Teaching the Government of Other Countries - Why and How?

Teaching about the government of your own country can get complicated enough (preferential voting, anyone?!) without bringing other countries into it. But, learning about governments around the world can be incredibly valuable to students and it's definitely worth adding to your classroom.


Why should you teach about the political systems of other countries?

  • We live in a global world - what happens in one country can influence the events in other countries. Understanding the domestic political systems of other countries can help students gain a better understanding of treaties, interactions between leaders and the actions of international organisations.
  • Learning about other countries allows students to make comparisons. Making comparisons is an important skill for students to develop - especially when they understand why there are differences and similarities in different systems. The better they understand different systems, the more nuanced their comparisons can be.
  • Investigating the political systems of other countries fosters an interest in the world. The political systems are usually influenced by the history of a country and changes usually reflect the people. Learning about these elements allow students to develop a world view.

How can you teach about the political systems of other countries?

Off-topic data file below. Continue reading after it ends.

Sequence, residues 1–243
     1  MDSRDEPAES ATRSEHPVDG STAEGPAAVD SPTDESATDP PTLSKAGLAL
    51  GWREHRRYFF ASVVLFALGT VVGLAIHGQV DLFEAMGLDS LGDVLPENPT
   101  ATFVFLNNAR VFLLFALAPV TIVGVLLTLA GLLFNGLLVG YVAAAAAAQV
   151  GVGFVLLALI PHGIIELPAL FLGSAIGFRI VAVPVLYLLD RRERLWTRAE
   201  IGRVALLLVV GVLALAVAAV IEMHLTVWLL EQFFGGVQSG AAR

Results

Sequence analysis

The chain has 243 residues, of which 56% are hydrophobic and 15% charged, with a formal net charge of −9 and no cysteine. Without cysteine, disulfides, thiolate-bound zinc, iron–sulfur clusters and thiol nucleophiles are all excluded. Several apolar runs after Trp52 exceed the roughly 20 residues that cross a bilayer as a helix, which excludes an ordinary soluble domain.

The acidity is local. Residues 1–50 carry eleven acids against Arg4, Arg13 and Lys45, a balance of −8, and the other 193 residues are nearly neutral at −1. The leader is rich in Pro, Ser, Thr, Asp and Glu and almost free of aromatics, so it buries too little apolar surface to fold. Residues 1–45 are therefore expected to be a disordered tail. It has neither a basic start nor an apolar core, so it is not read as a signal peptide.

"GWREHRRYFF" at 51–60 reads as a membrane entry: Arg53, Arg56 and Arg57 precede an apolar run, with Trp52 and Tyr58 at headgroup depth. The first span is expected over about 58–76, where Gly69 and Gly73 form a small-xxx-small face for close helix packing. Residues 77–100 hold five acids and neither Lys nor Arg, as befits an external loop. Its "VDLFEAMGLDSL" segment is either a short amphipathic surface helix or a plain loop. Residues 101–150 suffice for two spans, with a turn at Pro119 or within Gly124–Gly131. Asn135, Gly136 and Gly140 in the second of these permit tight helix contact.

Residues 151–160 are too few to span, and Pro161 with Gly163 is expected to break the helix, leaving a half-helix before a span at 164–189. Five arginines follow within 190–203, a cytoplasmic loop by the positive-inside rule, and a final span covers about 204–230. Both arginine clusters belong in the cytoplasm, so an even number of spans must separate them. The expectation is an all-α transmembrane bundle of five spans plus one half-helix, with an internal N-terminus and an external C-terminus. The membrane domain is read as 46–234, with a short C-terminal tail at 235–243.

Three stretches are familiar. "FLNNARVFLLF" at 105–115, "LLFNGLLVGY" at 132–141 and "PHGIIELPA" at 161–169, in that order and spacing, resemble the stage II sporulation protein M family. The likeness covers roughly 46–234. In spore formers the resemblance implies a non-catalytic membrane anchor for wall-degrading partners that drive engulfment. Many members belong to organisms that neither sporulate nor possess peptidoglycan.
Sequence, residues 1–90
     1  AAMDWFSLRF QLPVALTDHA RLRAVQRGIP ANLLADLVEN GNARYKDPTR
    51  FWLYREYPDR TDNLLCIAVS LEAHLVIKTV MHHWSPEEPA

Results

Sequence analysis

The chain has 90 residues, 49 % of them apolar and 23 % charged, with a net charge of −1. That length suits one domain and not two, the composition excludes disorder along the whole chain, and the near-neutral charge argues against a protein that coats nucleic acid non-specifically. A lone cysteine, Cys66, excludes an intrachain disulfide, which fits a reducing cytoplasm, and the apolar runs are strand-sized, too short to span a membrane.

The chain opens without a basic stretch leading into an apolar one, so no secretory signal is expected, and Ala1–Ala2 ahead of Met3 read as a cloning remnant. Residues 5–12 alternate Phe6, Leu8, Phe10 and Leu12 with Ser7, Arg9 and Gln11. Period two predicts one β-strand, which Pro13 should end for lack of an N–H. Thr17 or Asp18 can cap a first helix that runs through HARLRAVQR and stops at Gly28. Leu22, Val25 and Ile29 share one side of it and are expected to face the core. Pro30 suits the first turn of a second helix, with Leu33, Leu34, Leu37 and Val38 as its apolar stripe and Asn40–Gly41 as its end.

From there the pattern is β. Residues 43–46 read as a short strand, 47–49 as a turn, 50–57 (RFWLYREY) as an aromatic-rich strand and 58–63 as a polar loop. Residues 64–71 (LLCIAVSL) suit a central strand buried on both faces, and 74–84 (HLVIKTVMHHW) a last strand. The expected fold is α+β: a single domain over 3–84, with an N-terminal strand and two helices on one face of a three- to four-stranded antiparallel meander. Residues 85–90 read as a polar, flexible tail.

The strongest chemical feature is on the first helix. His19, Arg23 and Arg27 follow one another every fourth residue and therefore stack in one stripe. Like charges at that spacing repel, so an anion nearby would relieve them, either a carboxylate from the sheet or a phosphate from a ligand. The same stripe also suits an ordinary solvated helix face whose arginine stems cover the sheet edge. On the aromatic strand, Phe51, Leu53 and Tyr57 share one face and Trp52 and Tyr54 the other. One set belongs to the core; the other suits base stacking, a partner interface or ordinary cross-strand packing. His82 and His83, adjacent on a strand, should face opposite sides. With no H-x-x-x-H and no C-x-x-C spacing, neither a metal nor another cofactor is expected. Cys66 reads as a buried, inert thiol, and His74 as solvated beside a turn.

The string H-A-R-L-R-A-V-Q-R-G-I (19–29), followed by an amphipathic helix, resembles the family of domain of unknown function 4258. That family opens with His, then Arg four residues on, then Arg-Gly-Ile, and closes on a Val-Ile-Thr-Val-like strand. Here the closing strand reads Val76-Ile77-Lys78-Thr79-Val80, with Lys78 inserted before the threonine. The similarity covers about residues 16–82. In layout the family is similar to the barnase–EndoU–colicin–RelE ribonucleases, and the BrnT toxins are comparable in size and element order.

• Pick one country to look at in-depth. Examine what the elected positions are, how people vote for them, how the electoral systems have changed over time. Look at what outside influences have altered the political systems of the country.

  • Pick one country to look at side by side with your own country. Create timelines of major electoral events. Examine the responsibilities of different elected roles. Look at who can vote and when different groups of people received the right to vote.
  • Pick one element - like elections - and examine a range of countries. You might like to create a 'day in the life' of the political leaders or write instructions for first time voters in each country.
  • Break students into smaller groups to examine different elements or different countries. Bring students together to share their learning or create a display for students, other classes and their families to explore.


Whether you look at other countries for one or two lessons or you create larger comparative units, including other countries in your government and civics lessons can create students who have a more inclusive understanding of how politics works around the world.